He said he also saw professional value to his Minnesota speeches. "During the course of that kaleidoscope of events," he said, "I gained a variety of impressions as to how these business leaders were coping with the economy." In addition, he said, "I enjoy giving speeches."
Mathias said he does not enjoy giving speeches, but said he feels he must to make ends meet.
"He abhors having to go outside and give speeches," said Mathias' aide, Jack Eddinger.
Nonetheless, on Aug. 1, 1980, Mathias accepted an invitation from Anderson to speak to three Minneapolis firms. He collected $5,000 for those three speeches on one day.
One of his speeches to senior executives in the board room of Fingerhut Corp. Mathias discussed interstate tax legislation to make state laws more uniform, according to Eddinger. The mail order firm does much interstate business.
The Senate was in session that day. Mathias was absent and missed a roll-call vote on the appointment of a member of the National Labor Relations Board.
In an interview, Mathias pointed out that he has had a good voting attendance record overall--81 percent in seven years. He also said the meeting at Fingerhut would not influence his actions on the tax legislation, since he has supported the changes for over a decade.
He said he regrets having to earn money from speeches, but that he feels he has no choice. He said he would prefer that the Senate receive a direct cost-of-living adjustment in salary. "We did not do that, so we've been reduced to these alternatives, which are in many ways undesirable but indispensable," Mathias said.
"The whole question of my finances is difficult," he said. "It's really salt in the wound." He said that to put two children through college and meet his other financial demands he needs more than his congressional salary.
That salary, combined with his earnings from speeches, gave Mathias $100,962 in income last year.
"I sometimes kid myself and say I'm a wandering troubadour," Mathias said. "I'm not alone."
A review of disclosure statements for 1980 confirms Mathias' assessment. Records show that in 1980, when the Senate still had a $25,000 limit, 22 senators earned above $24,000, 11 earned over $20,000 and 16 more earned above $10,000.
During the Senate debate on whether to lift the $25,000 ceiling, some senators said that unlimited speaking engagements could affect work adversely in Washington.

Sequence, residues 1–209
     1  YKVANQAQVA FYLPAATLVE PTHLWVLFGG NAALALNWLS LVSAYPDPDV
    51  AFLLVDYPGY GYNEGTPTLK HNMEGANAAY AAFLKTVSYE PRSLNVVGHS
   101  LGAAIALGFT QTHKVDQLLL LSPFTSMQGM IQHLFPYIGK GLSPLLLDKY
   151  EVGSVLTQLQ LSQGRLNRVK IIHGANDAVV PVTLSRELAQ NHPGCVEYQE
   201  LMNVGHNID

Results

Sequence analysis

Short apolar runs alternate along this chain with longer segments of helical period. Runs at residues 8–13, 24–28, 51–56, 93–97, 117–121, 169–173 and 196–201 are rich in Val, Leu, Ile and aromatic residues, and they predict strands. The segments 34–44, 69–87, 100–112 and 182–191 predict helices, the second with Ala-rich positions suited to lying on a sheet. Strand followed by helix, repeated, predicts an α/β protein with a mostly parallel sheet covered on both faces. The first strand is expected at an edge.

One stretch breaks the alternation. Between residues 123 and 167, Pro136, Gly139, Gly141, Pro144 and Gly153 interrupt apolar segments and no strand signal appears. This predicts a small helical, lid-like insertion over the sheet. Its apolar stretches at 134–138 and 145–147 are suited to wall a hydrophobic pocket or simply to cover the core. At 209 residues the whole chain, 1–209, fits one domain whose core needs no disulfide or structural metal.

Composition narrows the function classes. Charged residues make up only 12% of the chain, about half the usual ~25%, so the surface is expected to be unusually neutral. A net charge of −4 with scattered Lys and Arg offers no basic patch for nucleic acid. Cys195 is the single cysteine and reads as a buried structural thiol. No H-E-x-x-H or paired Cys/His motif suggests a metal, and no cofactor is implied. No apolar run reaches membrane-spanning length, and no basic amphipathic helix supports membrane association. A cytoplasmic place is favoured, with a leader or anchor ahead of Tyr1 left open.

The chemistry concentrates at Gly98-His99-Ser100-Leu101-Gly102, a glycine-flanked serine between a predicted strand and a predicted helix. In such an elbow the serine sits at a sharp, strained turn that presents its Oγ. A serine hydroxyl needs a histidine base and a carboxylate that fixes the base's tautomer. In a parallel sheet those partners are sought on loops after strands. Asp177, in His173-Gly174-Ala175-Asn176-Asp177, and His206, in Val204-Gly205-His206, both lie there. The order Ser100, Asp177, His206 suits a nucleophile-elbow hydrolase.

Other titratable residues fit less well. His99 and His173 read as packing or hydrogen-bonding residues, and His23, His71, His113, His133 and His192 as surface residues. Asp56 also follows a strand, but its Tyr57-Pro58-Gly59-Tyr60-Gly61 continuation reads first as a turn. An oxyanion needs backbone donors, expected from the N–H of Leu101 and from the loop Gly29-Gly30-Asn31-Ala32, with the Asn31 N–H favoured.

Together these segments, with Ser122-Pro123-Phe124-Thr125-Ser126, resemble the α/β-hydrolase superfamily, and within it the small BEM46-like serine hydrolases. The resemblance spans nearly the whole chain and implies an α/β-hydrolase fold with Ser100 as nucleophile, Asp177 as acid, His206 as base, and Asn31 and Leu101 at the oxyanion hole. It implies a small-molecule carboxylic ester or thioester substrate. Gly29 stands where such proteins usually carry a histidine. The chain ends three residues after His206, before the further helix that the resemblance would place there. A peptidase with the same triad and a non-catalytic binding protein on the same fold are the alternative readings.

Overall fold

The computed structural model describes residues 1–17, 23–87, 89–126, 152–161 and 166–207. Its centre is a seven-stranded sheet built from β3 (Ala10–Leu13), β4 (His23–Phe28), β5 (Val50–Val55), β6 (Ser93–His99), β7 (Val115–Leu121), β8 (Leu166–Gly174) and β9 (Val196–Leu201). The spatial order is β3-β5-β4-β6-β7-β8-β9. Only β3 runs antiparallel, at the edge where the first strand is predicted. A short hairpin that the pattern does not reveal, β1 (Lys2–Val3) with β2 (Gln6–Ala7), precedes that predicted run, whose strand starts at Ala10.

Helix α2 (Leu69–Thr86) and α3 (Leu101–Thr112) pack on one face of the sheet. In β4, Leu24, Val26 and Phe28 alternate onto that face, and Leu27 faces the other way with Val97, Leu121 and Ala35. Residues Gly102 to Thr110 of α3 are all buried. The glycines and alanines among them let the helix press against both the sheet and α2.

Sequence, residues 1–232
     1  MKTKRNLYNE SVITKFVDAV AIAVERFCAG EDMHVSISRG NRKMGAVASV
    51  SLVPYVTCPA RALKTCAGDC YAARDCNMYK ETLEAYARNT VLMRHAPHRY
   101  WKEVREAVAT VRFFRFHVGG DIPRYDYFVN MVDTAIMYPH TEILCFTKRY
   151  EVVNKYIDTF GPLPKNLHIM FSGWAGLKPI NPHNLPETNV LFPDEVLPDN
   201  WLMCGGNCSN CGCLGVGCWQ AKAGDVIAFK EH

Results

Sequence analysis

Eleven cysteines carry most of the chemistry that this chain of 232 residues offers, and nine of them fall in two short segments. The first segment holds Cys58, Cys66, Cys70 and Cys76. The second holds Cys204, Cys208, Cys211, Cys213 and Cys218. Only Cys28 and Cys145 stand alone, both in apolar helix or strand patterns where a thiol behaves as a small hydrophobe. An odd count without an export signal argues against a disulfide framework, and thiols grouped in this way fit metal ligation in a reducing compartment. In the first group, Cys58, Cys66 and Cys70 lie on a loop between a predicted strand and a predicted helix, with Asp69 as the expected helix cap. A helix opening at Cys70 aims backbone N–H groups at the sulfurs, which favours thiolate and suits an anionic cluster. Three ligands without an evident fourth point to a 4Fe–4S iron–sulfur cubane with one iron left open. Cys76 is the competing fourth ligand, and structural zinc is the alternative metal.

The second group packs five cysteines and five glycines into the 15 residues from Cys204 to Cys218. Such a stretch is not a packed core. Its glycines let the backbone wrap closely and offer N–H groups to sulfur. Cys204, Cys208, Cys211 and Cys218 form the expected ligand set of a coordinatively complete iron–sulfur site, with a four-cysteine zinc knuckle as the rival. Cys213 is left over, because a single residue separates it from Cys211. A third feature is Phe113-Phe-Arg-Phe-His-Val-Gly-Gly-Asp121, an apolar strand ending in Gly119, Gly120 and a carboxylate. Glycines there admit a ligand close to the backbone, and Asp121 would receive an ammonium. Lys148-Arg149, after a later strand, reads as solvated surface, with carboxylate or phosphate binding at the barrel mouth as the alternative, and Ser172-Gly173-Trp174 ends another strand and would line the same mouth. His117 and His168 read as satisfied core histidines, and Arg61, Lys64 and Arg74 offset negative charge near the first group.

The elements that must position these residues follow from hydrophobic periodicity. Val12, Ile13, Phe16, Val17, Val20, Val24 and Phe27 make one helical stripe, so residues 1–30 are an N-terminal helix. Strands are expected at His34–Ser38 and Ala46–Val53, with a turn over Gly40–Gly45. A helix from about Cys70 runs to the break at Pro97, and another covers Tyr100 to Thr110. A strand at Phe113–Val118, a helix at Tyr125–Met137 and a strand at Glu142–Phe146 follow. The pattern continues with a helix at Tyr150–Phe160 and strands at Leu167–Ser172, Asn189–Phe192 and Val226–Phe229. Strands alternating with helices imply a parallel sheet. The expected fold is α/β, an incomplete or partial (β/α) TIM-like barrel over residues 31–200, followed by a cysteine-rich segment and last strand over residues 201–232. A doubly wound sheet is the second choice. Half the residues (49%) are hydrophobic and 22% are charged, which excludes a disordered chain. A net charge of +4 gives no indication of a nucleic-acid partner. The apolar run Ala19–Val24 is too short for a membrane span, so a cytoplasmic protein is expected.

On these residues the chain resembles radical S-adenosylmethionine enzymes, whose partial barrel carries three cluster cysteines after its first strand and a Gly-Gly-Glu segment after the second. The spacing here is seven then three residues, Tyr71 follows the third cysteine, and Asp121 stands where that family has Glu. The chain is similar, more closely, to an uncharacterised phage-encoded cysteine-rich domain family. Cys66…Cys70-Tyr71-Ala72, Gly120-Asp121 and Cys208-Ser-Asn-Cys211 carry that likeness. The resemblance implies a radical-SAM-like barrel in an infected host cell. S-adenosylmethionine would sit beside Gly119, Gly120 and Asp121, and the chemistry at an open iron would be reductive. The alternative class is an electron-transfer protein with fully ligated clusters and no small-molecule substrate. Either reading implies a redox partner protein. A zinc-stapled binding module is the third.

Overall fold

Sen. Strom Thurmond (R-S.C.) said, "We are elected to Congress for one purpose: to serve our constituents. Someone who is spending too much time involved in outside speaking engagements . . . cannot give the voters the representation they expect."
In a typical example, Paul E. Tsongas (D-Mass.) spoke in Miami on Feb. 19, 1980, receiving a $1,000 fee. On the same day he missed a hearing in the Senate regarding the Home Mortgage Disclosure Act.
"We make every effort that we not schedule speeches when there are votes or committee hearings, but we don't always hit 100 percent," said Mary Ellen Thompson, an aide to Tsongas. Tsongas hit the $25,000 limit in 1980 and received about as much in 1981, Thompson said.
The 1980 disclosure statements show that senators frequently speak to corporations or interest groups with concerns about pending legislation or government policy.
Sen. Howard W. Cannon (D-Nev.), for example, earned $24,500 in speeches in 1980. The chairman of the aviation subcommittee, Cannon collected fees from groups such as the Airline Pilots Association, the Commuter Airline Association of America, and the National Air Transportation Association.
On May 14, 1980, Cannon addressed the Freight Forwarders Institute on the subject of trucking deregulation. He received $1,000. At the time Cannon had authored a bill to deregulate the industry.
A Cannon aide, Mike Vernetti, said there was nothing improper in accepting money from those groups. He said he sees no "attempt to buy favor . . . . It's a business deal, and has nothing to do with voting the interest of the group."
"Hell, Cannon is as often against them as for them," Vernetti added. He said he did not believe that a senator would change his vote "for a crummy $2,000."